Torn Between Worlds
August 10, 2020 | 5-minute read
Imagine you’re in combat with explosions all around. The sights, smells, noises, fear, and adrenaline surge are overwhelming, but you push through.
Except that you aren’t there at all. You’re in a shopping mall or your living room or driving a car, reliving a battle you fought years prior. It’s as real now as it was then, such that you feel like you’re in two worlds at once.
That is the terrifying and dangerous reality for Veterans who experience flashbacks of varying degrees. A flashback occurs when you feel as if you are re-experiencing a traumatic event. You might remember everything about the event as if you were going through it again, including vivid details. You might even have the same feelings or physical sensations that you had at the time of the event.
Flashbacks can be a symptom of a number of disorders, including anxiety, depression, eating disorders, schizophrenia, and PTSD. They can also be rooted in near-death experiences, homesickness, sexual trauma, or a substance use disorder. VA offers professional treatment, including group therapy or prolonged exposure therapy, that can help Veterans understand their thoughts, triggers, and reactions and teach them techniques for coping with stressful situations.
Chris, a U.S. Marine Corps Veteran who served in Iraq, awoke in a hospital with casts on both legs and one arm but no memory of what got him there.
“He had flashbacks so severe, he lost all of his memory,” explains his wife, Amanda. “All he remembered was Iraq, and so it was like he got back two days ago, to him.”
Four years after leaving the service, Chris had to reacclimate to civilian life again, and his PTSD went into overdrive. Amanda says Chris had a flashback accompanied by a seizure.
“He had the flashback and was acting out Iraq,” she says. “He thought he was holding a gun, he thought he was attacking people and we were just sitting in the living room having dinner. And he stood up and ran out of the house with no shoes on, no shirt on, and we had to go catch him and take him to the hospital and he didn’t know who I was. … He didn’t know our kids.”
Similarly, Hector — whose service in the U.S. Army, the Reserve, and the National Guard included 13 deployments — says what he saw in Kosovo in the late 1990s affected him into his civilian life.
Back home, Hector was physically in Minnesota, but his mind and his senses were engaged in a military operation overseas. This is what he saw:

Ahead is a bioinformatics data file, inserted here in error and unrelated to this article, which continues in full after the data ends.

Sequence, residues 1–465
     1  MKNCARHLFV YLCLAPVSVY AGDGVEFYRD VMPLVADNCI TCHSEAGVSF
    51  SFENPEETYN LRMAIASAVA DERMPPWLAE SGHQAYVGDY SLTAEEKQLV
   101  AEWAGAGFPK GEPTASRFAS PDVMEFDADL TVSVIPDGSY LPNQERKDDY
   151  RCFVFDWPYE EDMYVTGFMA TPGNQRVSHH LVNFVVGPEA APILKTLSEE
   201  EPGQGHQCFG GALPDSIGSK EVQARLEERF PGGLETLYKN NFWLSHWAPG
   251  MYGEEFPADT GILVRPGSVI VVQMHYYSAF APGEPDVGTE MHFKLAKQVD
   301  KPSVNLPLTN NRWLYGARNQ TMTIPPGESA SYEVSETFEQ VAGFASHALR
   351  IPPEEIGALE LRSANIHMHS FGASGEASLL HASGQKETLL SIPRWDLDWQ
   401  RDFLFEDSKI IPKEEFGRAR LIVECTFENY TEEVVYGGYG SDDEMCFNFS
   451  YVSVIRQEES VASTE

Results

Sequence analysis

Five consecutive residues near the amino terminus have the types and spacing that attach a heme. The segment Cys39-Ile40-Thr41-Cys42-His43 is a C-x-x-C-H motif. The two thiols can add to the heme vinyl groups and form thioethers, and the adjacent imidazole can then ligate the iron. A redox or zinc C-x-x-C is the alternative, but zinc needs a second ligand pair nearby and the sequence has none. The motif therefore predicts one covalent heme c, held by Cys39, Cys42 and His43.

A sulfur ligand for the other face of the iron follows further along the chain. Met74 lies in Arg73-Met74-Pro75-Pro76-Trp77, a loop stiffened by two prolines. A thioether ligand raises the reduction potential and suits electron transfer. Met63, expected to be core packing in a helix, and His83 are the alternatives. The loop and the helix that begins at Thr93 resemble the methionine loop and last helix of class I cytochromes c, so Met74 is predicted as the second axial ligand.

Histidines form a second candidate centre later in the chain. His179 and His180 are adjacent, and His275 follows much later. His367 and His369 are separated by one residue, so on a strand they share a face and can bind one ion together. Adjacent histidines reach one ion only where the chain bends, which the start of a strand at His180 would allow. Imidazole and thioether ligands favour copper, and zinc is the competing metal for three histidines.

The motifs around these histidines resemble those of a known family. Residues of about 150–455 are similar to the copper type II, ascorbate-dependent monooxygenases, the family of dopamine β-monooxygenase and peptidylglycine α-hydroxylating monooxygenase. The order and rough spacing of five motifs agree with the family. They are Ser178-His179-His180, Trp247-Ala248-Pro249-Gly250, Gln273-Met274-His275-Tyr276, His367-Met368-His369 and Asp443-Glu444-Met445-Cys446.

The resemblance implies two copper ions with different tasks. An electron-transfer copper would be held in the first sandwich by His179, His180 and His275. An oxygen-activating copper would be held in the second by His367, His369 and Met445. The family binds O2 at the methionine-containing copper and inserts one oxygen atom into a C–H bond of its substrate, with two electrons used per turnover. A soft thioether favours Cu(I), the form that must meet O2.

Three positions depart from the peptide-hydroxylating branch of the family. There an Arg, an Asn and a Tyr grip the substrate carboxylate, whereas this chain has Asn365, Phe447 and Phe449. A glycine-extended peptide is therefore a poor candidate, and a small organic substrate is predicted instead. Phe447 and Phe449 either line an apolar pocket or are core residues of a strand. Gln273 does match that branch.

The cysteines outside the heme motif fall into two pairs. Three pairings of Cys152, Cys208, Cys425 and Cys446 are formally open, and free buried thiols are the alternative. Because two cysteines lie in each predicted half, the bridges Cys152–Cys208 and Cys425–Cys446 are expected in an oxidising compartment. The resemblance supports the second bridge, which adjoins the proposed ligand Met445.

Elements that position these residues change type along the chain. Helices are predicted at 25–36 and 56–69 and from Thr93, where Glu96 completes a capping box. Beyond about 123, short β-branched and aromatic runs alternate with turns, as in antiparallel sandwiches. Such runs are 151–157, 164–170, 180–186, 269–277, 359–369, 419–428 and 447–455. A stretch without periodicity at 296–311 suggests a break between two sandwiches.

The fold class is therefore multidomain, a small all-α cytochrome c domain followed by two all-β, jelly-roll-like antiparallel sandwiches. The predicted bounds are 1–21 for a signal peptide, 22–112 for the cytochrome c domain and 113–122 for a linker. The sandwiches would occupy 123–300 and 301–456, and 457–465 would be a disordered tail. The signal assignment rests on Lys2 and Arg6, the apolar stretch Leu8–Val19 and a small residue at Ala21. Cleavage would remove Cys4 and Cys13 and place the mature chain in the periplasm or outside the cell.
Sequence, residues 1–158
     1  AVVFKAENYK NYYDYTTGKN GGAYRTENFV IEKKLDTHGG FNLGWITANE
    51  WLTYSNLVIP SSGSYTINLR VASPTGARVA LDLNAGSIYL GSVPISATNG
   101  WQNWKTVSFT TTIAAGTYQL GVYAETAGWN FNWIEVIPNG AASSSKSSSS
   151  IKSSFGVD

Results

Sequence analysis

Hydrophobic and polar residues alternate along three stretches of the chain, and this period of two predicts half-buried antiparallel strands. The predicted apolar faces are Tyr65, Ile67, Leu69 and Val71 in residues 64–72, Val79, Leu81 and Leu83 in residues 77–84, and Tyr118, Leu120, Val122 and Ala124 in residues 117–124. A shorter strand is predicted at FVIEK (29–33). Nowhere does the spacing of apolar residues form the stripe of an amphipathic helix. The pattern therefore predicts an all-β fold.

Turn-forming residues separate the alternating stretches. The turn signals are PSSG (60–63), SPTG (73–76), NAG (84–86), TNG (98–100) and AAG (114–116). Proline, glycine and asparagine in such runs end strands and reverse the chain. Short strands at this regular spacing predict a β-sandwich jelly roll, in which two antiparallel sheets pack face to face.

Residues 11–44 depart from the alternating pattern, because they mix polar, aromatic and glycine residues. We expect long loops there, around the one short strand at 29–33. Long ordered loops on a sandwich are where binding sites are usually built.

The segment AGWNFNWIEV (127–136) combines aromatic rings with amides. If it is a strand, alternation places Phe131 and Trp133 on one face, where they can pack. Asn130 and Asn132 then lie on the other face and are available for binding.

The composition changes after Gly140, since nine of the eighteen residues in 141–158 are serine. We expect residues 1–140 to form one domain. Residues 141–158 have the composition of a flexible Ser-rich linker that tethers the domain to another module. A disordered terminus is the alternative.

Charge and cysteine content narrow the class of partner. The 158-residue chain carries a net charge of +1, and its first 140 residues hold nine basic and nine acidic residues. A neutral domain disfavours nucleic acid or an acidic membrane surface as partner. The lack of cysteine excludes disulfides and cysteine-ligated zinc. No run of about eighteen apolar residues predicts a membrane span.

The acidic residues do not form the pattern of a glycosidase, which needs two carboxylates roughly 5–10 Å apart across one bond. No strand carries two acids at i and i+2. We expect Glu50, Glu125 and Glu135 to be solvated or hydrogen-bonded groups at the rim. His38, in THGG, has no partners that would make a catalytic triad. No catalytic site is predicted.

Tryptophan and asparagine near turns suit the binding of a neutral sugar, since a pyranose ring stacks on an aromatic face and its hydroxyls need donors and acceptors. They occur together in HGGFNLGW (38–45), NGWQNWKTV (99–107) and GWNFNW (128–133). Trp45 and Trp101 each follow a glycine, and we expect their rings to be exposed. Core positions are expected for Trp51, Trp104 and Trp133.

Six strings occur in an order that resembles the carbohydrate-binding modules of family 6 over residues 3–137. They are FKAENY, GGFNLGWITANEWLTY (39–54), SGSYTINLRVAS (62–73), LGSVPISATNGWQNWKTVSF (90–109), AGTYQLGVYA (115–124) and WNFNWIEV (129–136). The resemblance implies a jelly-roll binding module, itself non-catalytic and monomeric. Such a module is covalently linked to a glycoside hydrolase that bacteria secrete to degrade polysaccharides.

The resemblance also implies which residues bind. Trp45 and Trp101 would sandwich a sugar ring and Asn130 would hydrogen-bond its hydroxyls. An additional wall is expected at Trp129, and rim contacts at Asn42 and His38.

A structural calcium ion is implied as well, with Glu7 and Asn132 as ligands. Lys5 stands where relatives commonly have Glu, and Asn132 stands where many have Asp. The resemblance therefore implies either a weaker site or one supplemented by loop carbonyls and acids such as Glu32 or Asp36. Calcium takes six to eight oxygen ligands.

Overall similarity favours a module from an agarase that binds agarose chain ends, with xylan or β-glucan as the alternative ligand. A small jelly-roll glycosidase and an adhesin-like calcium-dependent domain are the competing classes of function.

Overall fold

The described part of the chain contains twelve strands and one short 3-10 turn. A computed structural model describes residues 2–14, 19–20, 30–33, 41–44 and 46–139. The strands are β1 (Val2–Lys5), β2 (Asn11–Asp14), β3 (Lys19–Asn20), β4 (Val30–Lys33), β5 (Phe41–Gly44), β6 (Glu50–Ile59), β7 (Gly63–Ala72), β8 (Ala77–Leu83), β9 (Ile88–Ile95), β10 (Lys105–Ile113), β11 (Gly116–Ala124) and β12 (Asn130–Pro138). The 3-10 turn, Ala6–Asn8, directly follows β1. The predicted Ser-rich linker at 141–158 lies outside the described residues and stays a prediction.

Hector and a fellow Army Ranger were conducting an urban room-clearing operation. His friend had finished clearing his part and was waiting for Hector by the door. Hector finished and lined up behind his friend and pushed him out the door. But then it seemed like his friend just disappeared.
“My situation awareness was shot. ‘Where did he go?’” Hector recalls thinking before noticing “an enemy combatant with his pistol raised at me.”
Hector sensed that the person was scared, possibly green, but the Veteran was confused about the person’s hesitation. Then, he saw his toddler son through the window of the building the soldiers had just exited, and he heard his then-wife yelling.
“And I'm thinking, ‘What the heck is she doing here?’ Then I looked out in front of me, and there were lights everywhere. There were people yelling at me,” Hector says, adding that at some point, he became aware that he was outgunned, even though he saw only one combatant and had a pistol in each hand.
“I started realizing I'm not where I thought I was. Nothing is right anymore,” Hector explains. “And what part of it is real? Am I really somewhere else? I'm in between two realities.”
That’s what Hector remembers experiencing that day: facing off with a single armed combatant overseas. The reality, however, was that he was in Minnesota with his family, engaged in an armed standoff with eight police officers — a situation that could have netted him 45 years in prison, had the judge in his case not shown mercy.
After successful therapy through VA, Hector realized that his flashbacks were a normal response to his not-normal experiences in Kosovo and elsewhere.
Not all flashbacks are as severe as Hector’s, and some last only a second. They can be brought on by innocent events that call to mind a traumatic experience. Crowds, parades, fireworks, loud noises, movies, and TV shows are common triggers, but flashbacks can come from anywhere.
“A bus would backfire [and] I’d hit the concrete, tear up my knees, tear my pants up. People’d look at me like I was nuts and I’d get up embarrassed — big-time exaggerated startle response in there,” says Pete, whose service in the U.S. Army began the Tet Offensive, one of the biggest military campaigns of the war in Vietnam.
When he returned to the U.S., he tried to drown his memories with adrenaline and alcohol, but he had trouble sleeping and felt angry and edgy. And then there were the flashbacks.
“I’d wake up in the middle of the night and touch my chest, looking for the blood from the .51-caliber machine gun that was kicking dirt up around me back when we had that firefight,” Pete recalls.
If you are experiencing flashbacks or other intrusive memories, reach out for support.
“The most well-rounded warrior eventually understands that this is a part of what happens when you do what you’re going to do,” says Hector, who is now a therapist himself. “The warrior has to say, ‘I am courageous,’ and not let that stigma sit there saying, ‘I’m a wimp because of this.’ No, you’re going to be a better person because of this.”